Weekend Edition Saturday on WUTC

Saturdays, 8am - 10am
Hosted By: Scott Simon

From civil wars in Bosnia and El Salvador, to hospital rooms, police stations, and America's backyards, National Public Radio's Peabody Award-winning correspondent Scott Simon brings a well-traveled perspective to his role as host of Weekend Edition/Saturday.

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7:48am

Sat June 16, 2012
Politics

Mayoral Agenda: What To Do About Gang Violence

Originally published on Sat June 16, 2012 2:22 pm

Transcript

SCOTT SIMON, HOST:

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7:48am

Sat June 16, 2012
Sports

NBA Finals Are On And No-Hitters Are Hot

Originally published on Sat June 16, 2012 2:22 pm

Transcript

SCOTT SIMON, HOST:

This is Weekend Edition from NPR News. I'm Scott Simon. Time for sports.

(SOUNDBITE OF MUSIC)

SIMON: The NBA finals are on. Maybe it's just the weather forecast: Thunder, Heat, Heat, Thunder. Also, no-hitters busting out all over. And Bryce Harper scorches the major league circuit. Howard Bryant is back with us, senior writer at ESPN.com and ESPN The Magazine.

Howard, morning.

HOWARD BRYANT: Good morning, Scott. How are you?

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7:48am

Sat June 16, 2012
Asia

China Mission A Leap Toward Larger Space Goals

Originally published on Sat June 16, 2012 2:22 pm

Transcript

SCOTT SIMON, HOST:

Earlier today, China launched an historic space mission carrying that country's first female astronaut and a couple of male astronauts into space. The Shenzhou-9 spacecraft is on a 13-day trip. The mission is considered an important step toward China's goal of building a space station. We're joined now in our studios by Dean Cheng. He's a research fellow at the Asia Studies Center at the Heritage Foundation. Mr. Cheng, thanks for being with us.

DEAN CHENG: Thank you for having me.

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7:48am

Sat June 16, 2012
Politics

The New Immigration Policy: What's At Stake

Originally published on Sat June 16, 2012 2:22 pm

Transcript

(SOUNDBITE OF MUSIC)

SCOTT SIMON, HOST:

This is WEEKEND EDITION from NPR News. I'm Scott Simon. President Barack Obama has announced a major change to immigration policy, one that he says could lift the shadow of deportation, as he called it, from hundreds of thousands of young people.

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7:48am

Sat June 16, 2012
Media

Greeks Take Over Reporting As Newspapers Go Under

Originally published on Sat June 16, 2012 2:22 pm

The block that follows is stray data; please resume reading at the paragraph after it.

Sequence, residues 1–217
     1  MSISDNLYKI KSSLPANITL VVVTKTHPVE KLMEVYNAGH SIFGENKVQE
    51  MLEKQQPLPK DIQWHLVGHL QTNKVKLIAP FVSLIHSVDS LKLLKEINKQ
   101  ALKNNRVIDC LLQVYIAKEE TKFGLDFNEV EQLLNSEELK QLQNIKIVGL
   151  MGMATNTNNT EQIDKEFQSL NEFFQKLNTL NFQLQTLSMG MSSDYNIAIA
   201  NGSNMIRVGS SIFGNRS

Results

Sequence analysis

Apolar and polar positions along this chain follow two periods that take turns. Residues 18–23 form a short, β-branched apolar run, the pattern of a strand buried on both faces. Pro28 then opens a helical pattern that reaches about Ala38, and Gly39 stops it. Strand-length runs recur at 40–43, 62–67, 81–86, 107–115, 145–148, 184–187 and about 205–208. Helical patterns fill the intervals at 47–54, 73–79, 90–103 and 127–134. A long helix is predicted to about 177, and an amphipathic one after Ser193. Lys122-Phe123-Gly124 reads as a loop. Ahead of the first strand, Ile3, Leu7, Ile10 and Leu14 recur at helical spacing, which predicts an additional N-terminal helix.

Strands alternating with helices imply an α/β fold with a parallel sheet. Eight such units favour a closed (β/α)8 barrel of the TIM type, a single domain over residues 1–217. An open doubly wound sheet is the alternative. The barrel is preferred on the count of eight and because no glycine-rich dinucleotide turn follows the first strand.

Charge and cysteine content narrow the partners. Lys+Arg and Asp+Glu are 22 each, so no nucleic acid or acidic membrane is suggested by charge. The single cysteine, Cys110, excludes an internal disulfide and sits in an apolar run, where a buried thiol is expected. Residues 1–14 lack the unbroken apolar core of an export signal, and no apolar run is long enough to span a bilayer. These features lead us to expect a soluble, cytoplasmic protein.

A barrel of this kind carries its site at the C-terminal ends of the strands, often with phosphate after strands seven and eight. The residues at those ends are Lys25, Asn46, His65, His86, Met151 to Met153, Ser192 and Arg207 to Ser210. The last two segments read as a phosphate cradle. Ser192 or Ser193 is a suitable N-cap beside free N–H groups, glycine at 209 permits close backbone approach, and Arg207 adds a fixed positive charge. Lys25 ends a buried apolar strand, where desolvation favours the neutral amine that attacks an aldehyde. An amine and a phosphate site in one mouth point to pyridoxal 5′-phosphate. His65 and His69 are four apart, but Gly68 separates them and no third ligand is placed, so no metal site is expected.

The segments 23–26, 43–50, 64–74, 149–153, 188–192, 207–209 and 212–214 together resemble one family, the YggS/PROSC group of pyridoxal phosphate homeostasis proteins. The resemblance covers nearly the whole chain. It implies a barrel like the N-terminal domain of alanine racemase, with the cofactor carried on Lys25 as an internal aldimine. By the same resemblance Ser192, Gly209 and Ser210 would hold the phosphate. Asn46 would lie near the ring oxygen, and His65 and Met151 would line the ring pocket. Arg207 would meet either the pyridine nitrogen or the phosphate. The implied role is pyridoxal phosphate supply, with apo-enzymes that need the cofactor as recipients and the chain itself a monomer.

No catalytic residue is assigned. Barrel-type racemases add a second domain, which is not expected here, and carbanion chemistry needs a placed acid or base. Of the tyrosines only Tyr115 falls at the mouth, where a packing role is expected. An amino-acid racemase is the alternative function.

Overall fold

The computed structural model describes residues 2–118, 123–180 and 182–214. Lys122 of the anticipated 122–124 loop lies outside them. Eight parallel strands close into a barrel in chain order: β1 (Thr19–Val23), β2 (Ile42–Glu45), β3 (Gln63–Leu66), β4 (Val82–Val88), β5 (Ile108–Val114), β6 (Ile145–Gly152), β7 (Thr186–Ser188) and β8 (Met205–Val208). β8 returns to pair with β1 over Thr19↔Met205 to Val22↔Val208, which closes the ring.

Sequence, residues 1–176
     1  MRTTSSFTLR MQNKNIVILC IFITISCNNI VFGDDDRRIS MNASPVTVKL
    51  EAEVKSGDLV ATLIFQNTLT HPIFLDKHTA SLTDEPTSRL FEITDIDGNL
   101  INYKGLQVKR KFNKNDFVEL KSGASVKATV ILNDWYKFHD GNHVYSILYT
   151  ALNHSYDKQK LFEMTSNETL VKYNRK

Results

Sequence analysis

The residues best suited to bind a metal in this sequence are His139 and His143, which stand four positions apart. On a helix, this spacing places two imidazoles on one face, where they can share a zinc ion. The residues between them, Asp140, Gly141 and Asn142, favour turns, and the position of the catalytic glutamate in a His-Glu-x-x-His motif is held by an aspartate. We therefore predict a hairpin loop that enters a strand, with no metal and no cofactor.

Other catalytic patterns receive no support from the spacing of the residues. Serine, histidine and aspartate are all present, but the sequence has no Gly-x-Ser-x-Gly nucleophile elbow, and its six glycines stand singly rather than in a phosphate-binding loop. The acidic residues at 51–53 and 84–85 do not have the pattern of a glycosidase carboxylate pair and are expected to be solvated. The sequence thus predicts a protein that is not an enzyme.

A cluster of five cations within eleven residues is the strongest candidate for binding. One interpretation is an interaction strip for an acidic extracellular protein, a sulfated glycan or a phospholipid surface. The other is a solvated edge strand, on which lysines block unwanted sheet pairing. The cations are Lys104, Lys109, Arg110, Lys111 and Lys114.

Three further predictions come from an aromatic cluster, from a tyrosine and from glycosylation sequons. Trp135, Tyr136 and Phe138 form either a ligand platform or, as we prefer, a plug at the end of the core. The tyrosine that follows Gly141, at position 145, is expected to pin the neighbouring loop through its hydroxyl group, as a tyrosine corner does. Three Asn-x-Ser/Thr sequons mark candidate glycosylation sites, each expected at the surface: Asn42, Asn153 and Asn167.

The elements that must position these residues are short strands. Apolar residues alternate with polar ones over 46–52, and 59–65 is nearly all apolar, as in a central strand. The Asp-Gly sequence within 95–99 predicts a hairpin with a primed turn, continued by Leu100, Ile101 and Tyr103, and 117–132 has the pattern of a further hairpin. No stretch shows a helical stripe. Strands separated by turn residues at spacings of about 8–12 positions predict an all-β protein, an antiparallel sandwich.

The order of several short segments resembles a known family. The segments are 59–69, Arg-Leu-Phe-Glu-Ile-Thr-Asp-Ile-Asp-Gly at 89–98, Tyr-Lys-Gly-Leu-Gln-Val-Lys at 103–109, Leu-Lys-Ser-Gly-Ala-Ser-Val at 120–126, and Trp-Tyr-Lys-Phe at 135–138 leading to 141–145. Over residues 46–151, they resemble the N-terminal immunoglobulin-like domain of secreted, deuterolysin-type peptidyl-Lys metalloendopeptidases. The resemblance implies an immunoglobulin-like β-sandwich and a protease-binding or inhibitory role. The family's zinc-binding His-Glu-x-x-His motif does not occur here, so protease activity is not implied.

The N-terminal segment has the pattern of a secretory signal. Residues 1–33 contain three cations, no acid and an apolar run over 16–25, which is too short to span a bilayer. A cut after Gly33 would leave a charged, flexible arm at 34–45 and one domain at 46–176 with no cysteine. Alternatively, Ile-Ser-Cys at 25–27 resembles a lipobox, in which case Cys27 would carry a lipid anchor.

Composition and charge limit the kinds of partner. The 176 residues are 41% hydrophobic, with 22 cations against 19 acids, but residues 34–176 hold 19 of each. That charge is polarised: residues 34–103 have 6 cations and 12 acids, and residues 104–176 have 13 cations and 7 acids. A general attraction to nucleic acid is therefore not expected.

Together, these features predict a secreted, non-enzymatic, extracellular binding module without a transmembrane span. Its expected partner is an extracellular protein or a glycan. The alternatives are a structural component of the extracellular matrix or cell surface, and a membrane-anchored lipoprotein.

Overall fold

Transcript

SCOTT SIMON, HOST:

The austerity measures in Greece have reached into the journalists who would normally cover these elections. Thousands of journalists have lost their jobs. And in any case, many Greeks feel that the mainstream media are biased, and they're not getting news from alternative citizen-run outlets. Joanna Kakissis reports.

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7:34am

Sat June 16, 2012
NPR Story

Suu Kyi To Accept Nobel Peace Prize, Decades Late

Originally published on Sat June 16, 2012 2:22 pm

Transcript

SCOTT SIMON, HOST:

This is WEEKEND EDITION from NPR News. I'm Scott Simon. Aung San Suu Kyi has delivered a speech in Norway to formally accept the 1991 Nobel Peace Prize. The opposition leader of Myanmar, also known as Burma, was delayed giving that speech for 21 years because the country's then ruling military junta had put her under house arrest. In her speech, Aung San Suu Kyi urged the world not to forget prisoners of conscious who, unlike herself, are not free.

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7:34am

Sat June 16, 2012
NPR Story

Voters To Decide Outcome Of Current Greek Drama

Originally published on Sat June 16, 2012 7:53 pm

Street art by Bleeps.gr are allegories of the effects of the economic crisis on ordinary Greeks.
Sylvia Poggioli NPR

Debt-burdened Greeks go to the polls Sunday to choose between an establishment party, and continuing harsh austerity measures, or a leftist party that vows to replace the current bailout deal with less punishing conditions.

But many Greeks are aware that whatever the outcome, they face years of hardship in a rapidly unraveling society.

A recent TV news report on medicine shortages illustrated the anguish rippling through the country. The piercing screams of a woman in a pharmacy can be heard as she shouts, "Where am I going to find my medication?"

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7:34am

Sat June 16, 2012
NPR Story

Egyptians Vote President To Succeed Mubarak

Originally published on Sat June 16, 2012 2:22 pm

Transcript

SCOTT SIMON, HOST:

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6:08am